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Deborah Lynn Sorton Larssen, Wasyl Cajkler, Reidar Mosvold, Raymond Bjuland, Nina Helgevold, Janne Fauskanger, Phil Wood, Fay Baldry, Arne Jakobsen, Hans Erik Bugge, Gro Næsheim-Bjørkvik and Julie Norton
The purpose of this paper is to conduct a structured review of literature on lesson study (LS) in initial teacher education (ITE). The focus was on how learning and…
The purpose of this paper is to conduct a structured review of literature on lesson study (LS) in initial teacher education (ITE). The focus was on how learning and observation were discussed in studies of LS in ITE.
Each national team (in Norway and Britain) undertook independent searches of published peer-reviewed articles. The resulting articles were then combined, screened and collaboratively reviewed, the focus being on two areas of enquiry: how learning is represented and discussed; and the extent to which observation is described and used to capture evidence of learning.
The literature review indicated that there was no universally held understanding of, or explanation for, the process of observation, how it should be conducted, and who or what should be the principal focus of attention. There was also a lack of clarity in the definition of learning and the use of learning theory to support these observations.
This study was limited to a review of a selection of peer-reviewed journal articles, published in English. It arrives at some tentative conclusions, but its scope could have been broadened to include more articles and other types of published material, e.g. theses and book chapters.
Research that investigates the use of LS in ITE needs to be more explicit about how learning is defined and observed. Furthermore, LS research papers need to assure greater clarity and transparency about how observations are conducted in their studies.
This literature review suggests that discussion of both learning and observation in ITE LS research papers should be strengthened. The review highlights three principal challenges that ITE LS researchers should consider: how to prepare student-teachers to observe (professional noticing being a promising option), the wide variation in the focus of classroom observation in ITE lesson studies, and discussion of what is understood by learning needs to stand at the heart of preparation for lesson studies in ITE.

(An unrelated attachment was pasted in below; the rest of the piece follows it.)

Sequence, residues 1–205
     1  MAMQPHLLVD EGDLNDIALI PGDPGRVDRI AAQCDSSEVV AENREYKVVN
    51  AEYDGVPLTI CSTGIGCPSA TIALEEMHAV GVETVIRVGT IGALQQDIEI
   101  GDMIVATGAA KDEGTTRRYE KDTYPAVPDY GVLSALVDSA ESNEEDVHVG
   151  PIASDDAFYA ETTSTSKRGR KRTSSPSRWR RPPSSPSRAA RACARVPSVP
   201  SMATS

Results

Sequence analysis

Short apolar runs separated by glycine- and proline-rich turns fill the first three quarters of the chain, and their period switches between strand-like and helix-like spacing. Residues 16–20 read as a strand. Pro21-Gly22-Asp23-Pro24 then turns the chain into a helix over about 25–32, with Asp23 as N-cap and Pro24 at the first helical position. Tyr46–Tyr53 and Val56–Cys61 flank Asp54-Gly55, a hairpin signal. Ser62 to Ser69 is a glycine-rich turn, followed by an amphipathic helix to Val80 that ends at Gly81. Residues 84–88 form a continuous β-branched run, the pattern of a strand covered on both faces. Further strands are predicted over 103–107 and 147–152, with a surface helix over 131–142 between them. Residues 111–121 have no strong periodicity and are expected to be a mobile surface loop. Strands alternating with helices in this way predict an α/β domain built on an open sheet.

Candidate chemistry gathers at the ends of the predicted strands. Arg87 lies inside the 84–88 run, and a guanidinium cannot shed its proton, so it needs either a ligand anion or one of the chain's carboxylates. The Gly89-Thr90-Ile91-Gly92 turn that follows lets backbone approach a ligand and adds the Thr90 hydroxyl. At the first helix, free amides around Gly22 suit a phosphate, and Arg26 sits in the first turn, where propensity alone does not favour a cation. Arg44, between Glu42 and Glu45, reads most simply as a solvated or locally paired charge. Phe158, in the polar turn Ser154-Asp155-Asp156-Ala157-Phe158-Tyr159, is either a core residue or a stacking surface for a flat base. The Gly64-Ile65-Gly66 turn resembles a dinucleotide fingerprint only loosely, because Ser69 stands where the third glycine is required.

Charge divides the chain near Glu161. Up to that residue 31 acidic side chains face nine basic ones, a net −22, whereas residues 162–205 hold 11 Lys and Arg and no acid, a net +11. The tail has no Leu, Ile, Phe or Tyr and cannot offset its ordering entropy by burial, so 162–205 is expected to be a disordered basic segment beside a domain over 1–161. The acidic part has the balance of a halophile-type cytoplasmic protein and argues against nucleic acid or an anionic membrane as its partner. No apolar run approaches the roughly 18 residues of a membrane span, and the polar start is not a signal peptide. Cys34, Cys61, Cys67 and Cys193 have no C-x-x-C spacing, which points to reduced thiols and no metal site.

The purpose of this paper is to better understand the challenges involved in introducing Lesson Study (LS) into teacher education in Malawi by studying mathematics teacher…
The purpose of this paper is to better understand the challenges involved in introducing Lesson Study (LS) into teacher education in Malawi by studying mathematics teacher educators’ (TEs’) understanding of planning for LS.
This study is a part of a wider ongoing project designed to improve the quality and capacity of mathematics teacher education in Malawi. One of its components is professional development of all mathematics TEs in Malawi using an LS model. The units being analyzed comprise of the TEs’ written lesson plans and qualitative content analysis is the chosen analytical approach.
Based on the analyzed research lesson plans, the TEs have difficulty in focusing on their own learning parallel to the student teachers’ (STs’) learning, and struggle with predicting STs’ responses to tasks. In addition, there is a pervasive lack of emphasis on planned and focused observation of STs’ learning, as evidenced by a review of the research lesson plans.
This is a small-scale study due to LS being introduced to Malawi teacher education for the first time and the need to test before possible upscaling.
The paper includes a description of mathematics TEs’ understanding of LS in an African context, which can be a valuable information for TEs who are attempting to use LS.
This paper fulfills an identified need to learn more about TEs’ understanding of LS worldwide.
Learning to teach effectively is a complex enterprise, and many efforts have been made in order to conceptualise the challenging work of teaching by identifying…
Learning to teach effectively is a complex enterprise, and many efforts have been made in order to conceptualise the challenging work of teaching by identifying fundamental teaching practices. Findings reported from structured literature reviews on lesson study have revealed that incorporating a lesson study approach in Initial Teacher Education is challenging. This chapter considers how lesson study might adapt fundamental teaching practices and make use of new tools to enhance lesson study as an approach for improving student-teachers’ teaching practice. The four tools discussed here are lesson study with given activities, practicing talk moves in lesson study, rehearsing research lessons and research lessons with time-outs. The authors argue that these activities are tools which can help student-teachers enhance their learning of the complex work of teaching when involved in lesson study cycles. To illustrate these approaches, we use examples from the teaching of mathematics.